Assistant Professor of Mathematics
With Pitzer Since: 2015
Field Group: Mathematics
Campus Address: Bernard Hall 209
Office Hours: Wednesdays 3:00 p.m.-4:00 p.m.; Thursdays 9:30 a.m.-10:30 a.m. & 1:00 p.m.-2:00 p.m.
Jemma Lorenat is assistant professor of mathematics at Pitzer College. Her work in the history of mathematics focuses on geometry, visualization and mediums of communication in the nineteenth century.
PhD, Mathematics (2010 – 2015)
Simon Fraser University (Canada) and Université Pierre et Marie Curie (France)
Doctoral programs in mathematics at the Department of Mathematics at SFU and at the Institut de mathématiques de Jussieu, Paris Rive Gauche at UPMC
Thesis: “Die Freude an der Gestalt: Methods, Figures, and Practices in Early Nineteenth Century Geometry.”
Advisors: Prof. Thomas Archibald and Prof. Catherine Goldstein
MA, Liberal Studies
(2008 – May 2010) City University of New York Graduate Center
Thesis: “The development and reception of Leopold Kronecker’s philosophy of mathematics”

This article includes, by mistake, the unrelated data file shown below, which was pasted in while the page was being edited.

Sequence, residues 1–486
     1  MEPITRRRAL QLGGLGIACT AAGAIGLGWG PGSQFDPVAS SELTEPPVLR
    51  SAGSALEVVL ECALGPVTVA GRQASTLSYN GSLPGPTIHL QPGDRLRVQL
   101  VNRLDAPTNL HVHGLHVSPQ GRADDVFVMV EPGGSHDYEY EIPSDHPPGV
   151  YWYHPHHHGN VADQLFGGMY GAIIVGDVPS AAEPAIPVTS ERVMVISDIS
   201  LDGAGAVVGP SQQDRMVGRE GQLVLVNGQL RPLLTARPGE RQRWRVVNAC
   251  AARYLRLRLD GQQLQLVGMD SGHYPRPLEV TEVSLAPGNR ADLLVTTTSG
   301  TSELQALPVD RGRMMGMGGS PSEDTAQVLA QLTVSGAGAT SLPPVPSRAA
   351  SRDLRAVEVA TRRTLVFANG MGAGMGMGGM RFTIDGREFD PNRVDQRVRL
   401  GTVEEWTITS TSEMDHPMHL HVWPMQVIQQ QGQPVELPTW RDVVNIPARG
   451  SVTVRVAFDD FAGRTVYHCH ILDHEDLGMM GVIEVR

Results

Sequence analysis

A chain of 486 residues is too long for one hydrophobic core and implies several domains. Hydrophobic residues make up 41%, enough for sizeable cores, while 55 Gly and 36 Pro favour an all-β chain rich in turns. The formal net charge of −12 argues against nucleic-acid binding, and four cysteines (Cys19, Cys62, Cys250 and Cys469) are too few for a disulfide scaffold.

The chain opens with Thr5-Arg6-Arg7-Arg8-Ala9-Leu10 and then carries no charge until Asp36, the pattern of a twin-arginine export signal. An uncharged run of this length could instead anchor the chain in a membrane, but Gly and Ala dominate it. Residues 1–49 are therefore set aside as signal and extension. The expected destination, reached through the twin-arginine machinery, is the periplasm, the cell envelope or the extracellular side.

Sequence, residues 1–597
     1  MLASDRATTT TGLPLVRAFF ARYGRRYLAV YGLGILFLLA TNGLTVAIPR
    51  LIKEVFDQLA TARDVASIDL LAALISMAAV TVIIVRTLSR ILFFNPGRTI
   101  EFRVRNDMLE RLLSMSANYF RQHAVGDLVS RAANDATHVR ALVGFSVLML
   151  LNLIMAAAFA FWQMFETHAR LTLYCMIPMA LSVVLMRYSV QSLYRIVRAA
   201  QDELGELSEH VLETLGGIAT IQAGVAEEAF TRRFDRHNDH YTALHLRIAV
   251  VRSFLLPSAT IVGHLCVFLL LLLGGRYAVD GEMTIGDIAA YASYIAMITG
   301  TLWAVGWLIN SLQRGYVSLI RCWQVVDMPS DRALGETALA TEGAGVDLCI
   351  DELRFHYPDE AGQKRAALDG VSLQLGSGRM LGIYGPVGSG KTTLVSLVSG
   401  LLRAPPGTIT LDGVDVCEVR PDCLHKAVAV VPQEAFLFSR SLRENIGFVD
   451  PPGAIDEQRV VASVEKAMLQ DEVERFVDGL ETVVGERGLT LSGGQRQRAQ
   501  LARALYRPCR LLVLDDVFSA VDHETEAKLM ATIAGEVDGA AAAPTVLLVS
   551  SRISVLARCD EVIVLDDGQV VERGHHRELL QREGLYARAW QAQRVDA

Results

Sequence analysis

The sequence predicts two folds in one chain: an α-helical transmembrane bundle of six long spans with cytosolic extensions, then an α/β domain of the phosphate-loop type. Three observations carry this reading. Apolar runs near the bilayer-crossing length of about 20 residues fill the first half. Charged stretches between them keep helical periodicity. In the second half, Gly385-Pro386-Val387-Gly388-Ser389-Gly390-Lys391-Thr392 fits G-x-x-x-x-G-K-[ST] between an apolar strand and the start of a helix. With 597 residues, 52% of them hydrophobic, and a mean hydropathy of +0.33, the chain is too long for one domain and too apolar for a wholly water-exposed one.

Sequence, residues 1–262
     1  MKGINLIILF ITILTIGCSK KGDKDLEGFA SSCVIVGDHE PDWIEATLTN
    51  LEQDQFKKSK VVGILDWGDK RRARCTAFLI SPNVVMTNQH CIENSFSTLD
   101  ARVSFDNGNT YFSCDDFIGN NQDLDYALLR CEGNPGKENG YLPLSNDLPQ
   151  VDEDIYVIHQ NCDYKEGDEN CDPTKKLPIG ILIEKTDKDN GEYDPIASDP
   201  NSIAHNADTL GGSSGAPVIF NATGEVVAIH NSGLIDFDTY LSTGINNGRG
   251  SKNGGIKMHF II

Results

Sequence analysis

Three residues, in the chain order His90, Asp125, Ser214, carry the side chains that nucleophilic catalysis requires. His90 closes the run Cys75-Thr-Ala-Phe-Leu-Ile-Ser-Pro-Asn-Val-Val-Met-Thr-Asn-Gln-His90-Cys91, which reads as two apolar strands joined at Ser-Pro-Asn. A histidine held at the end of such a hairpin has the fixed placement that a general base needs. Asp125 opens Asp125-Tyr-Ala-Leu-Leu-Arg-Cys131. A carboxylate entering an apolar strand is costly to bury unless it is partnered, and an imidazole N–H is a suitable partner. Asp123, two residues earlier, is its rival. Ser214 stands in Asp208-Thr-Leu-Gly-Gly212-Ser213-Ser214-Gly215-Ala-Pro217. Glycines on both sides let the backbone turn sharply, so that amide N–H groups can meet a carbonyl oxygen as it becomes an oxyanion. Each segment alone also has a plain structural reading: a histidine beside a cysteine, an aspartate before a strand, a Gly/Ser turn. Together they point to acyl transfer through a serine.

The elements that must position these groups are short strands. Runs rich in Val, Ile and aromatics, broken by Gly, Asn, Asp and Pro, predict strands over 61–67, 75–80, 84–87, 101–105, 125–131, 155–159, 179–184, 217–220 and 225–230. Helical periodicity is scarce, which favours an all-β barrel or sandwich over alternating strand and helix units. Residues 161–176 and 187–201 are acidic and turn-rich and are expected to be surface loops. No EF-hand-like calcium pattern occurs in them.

BA (Summa Cum Laude), Mathematics
(2005 – May 2007) San Francisco State University
(2004 – 2005) University of St Andrews, St Andrews, Scotland
- 2015 – Present, Pitzer College (Claremont, CA), Assistant Professor of Mathematics
- 2013 – 2015, Pratt Institute (Brooklyn), Visiting Instructor
- 2013 – 2015, St Joseph’s College (Brooklyn), Visiting Instructor
- 2010 – 2012, Simon Fraser University, Teaching Assistant
- 2009 – 2010, College Now, Hunter College (New York), Instructor
- 2007 – 2010, Middle Grades Initiative, City University of New York
“Radical, ideal and equal powers: naming objects in nineteenth century geometry” Revue d’histoire des mathématiques 23 (forthcoming 2017).
“Modern and pure: teaching geometry in early twentieth-century women’s colleges” Women in Mathematics: 100 Years and Counting. Springer (forthcoming 2017).
“The greatest geometer since the time of Apollonius” Mathematical Intelligencer 39(4) (forthcoming 2017).
“Synthetic and analytic geometries in the publications of Jakob Steiner and Julius Plücker (1827–1829).” Archive for History of Exact Sciences, June 2016, 70(4), pp. 413–462.
“Polemics in public: Poncelet, Gergonne, Plücker, and the Duality Controversy.” Science in Context 28(4), December 2015, pp. 545–585.
“Figures real, imagined and missing in Poncelet, Plücker, and Gergonne.” Historia Mathematica 42(2), 2014, 155–192. http://www.sciencedirect.com/science/article/pii/S0315086014000767
“Not set in stone: nineteenth century geometrical constructions and the Malfatti Problem.” BSHM Bulletin: Journal of the British Society for the History of Mathematics 27(3), 2012, 169–180. http://www.tandfonline.com/doi/full/10.1080/17498430.2012.676962